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The Apples In Stereo: The Discovery Of A World Inside The Moone


The Apples In Stereo

Album: The Discovery Of A World Inside The Moone
Label: spinART/Elephant 6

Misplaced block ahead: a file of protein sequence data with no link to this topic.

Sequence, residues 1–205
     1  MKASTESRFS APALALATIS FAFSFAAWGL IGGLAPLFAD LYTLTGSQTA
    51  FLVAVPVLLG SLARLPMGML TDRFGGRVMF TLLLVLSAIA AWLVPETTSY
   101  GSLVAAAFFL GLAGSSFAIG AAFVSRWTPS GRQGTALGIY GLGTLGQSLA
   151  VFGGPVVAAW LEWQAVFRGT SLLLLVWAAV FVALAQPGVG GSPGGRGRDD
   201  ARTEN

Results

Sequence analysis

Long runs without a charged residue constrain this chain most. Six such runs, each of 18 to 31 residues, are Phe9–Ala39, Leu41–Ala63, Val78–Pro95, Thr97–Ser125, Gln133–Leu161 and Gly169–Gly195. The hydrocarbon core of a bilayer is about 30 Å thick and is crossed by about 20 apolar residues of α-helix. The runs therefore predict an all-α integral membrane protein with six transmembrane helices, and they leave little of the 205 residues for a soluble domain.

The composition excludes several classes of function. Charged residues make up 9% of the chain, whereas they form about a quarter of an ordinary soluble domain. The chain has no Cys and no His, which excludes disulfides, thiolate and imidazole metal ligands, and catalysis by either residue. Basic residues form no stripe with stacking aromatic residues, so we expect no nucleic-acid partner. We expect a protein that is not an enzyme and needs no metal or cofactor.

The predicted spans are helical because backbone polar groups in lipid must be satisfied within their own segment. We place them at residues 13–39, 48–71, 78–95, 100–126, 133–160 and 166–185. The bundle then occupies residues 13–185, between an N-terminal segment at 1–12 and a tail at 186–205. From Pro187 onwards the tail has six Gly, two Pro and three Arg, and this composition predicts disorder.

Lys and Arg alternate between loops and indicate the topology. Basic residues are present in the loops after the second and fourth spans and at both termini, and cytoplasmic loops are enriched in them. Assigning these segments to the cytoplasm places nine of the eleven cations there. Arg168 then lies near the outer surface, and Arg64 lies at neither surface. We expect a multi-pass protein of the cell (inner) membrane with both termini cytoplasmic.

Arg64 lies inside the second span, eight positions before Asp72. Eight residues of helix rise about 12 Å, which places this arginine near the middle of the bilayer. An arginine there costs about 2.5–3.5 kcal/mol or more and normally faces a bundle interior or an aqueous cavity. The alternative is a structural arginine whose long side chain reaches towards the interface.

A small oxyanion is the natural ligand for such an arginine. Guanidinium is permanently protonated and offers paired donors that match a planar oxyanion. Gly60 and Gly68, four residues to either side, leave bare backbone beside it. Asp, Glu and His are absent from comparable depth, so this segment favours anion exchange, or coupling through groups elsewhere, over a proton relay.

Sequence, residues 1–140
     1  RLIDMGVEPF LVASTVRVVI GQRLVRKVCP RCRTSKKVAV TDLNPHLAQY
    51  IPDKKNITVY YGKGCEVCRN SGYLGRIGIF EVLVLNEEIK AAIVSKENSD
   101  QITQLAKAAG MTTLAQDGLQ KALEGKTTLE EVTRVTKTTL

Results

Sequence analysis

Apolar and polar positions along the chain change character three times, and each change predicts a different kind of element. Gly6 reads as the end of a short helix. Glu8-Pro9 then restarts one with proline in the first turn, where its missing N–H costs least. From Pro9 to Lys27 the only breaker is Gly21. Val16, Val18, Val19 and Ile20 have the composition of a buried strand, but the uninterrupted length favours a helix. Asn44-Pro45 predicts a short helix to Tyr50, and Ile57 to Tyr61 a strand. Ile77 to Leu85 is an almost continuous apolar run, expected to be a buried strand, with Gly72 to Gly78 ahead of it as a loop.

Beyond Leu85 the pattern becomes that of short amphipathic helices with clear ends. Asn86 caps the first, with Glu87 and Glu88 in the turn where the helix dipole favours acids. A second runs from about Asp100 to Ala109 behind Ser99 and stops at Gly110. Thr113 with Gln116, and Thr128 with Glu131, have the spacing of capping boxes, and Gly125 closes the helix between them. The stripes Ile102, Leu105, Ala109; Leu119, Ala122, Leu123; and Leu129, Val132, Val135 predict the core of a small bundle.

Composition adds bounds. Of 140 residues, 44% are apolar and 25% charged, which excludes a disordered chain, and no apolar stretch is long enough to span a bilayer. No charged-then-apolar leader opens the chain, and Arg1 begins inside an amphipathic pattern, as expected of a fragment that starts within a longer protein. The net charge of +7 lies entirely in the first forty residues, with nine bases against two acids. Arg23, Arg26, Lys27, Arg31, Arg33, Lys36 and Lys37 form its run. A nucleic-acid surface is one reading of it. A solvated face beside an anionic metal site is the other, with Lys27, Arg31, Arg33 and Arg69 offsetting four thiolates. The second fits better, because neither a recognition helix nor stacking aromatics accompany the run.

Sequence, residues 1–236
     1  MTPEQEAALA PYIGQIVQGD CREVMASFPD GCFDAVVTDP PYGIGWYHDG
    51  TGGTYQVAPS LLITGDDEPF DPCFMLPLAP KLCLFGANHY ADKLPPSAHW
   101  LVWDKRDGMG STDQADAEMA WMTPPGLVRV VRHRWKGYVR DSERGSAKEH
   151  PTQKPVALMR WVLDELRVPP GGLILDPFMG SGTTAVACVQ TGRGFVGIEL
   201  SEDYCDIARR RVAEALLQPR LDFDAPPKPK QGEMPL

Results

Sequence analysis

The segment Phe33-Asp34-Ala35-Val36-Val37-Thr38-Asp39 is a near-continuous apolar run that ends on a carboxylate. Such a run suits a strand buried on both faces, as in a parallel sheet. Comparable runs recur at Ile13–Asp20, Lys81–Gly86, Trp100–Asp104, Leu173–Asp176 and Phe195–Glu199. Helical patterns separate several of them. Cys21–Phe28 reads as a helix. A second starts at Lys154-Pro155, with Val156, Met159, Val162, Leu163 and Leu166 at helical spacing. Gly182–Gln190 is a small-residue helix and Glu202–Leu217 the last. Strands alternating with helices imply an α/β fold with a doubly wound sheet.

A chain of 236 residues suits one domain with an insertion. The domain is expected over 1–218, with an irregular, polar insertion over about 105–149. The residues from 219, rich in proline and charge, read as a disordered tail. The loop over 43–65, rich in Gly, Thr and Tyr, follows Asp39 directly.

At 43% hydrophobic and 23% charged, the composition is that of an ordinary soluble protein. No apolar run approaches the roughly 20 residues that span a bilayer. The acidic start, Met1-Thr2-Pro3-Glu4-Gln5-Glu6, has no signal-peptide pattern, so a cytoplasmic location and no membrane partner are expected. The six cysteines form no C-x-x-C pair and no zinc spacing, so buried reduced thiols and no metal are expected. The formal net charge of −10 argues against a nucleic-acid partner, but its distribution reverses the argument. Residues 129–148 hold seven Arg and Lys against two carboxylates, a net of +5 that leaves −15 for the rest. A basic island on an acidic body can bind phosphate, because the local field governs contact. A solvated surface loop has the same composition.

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As the unofficial flagship of the Elephant 6 collective—the ever-expanding gathering of '60s pop and psychedelic revivalists that also includes Neutral Milk Hotel, Olivia Tremor Control, Elf Power, and many others—a great deal of pressure has been placed upon The Apples In Stereo. After all, how long can a movement go on without a manifesto, a single work that can be seen as representing its core beliefs? With all its diversity, it's unlikely that any member of Elephant 6 will ever produce anything so definitive. But, for those waiting for an album with enough instantly recognizable, undeniable greatness to justify the nebulous sub-genre in its entirety, the wait is over. At once infectious and challenging, complex and direct, The Discovery Of A World Inside The Moone represents the new standard for those seeking to carry the torch lit by the Beatles and Beach Boys. Always among the least overtly experimental of the E6ers, the band tends to work within the confines of the pop song rather than break them. But if there's one thing Apples leader Robert Schneider (and, on her two tracks, percussionist Hilarie Sidney) knows, it's that a lot can go on inside a pop song. As always, the group does more than merely pay tribute to the past. This is yesterday's pop re-imagined as the music of tomorrow, and it's gripping from start to finish. "Go" announces from the beginning what to expect: It's busy and incredibly catchy, the guitars are a bit fuzzier than usual, and Schneider's vocals a bit more adenoidal. Edgy isn't quite the word for music this joyous, eager to please, and immaculately produced, but there's a disarming sense that anything could happen. That feeling dominates "The Rainbow," "Stream Running Over," "Look Away," and the surprisingly funky "The Bird That You Can't See," all standouts on a remarkable record. Never mind Oasis; The Apples In Stereo demonstrates just how far you can see by standing on the shoulders of giants.